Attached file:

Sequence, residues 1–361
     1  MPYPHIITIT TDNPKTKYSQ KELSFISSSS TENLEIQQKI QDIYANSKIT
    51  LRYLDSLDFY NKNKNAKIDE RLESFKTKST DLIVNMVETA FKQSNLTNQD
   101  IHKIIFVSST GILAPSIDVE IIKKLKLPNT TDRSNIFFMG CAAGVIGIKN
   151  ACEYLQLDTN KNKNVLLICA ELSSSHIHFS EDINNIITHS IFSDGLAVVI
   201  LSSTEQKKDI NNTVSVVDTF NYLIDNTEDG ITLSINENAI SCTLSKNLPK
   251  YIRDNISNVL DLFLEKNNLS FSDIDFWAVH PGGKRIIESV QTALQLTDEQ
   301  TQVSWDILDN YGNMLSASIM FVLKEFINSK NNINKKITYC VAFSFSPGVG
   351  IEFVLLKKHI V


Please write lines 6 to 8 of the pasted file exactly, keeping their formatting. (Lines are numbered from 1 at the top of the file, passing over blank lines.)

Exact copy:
   201  LSSTEQKKDI NNTVSVVDTF NYLIDNTEDG ITLSINENAI SCTLSKNLPK
   251  YIRDNISNVL DLFLEKNNLS FSDIDFWAVH PGGKRIIESV QTALQLTDEQ
   301  TQVSWDILDN YGNMLSASIM FVLKEFINSK NNINKKITYC VAFSFSPGVG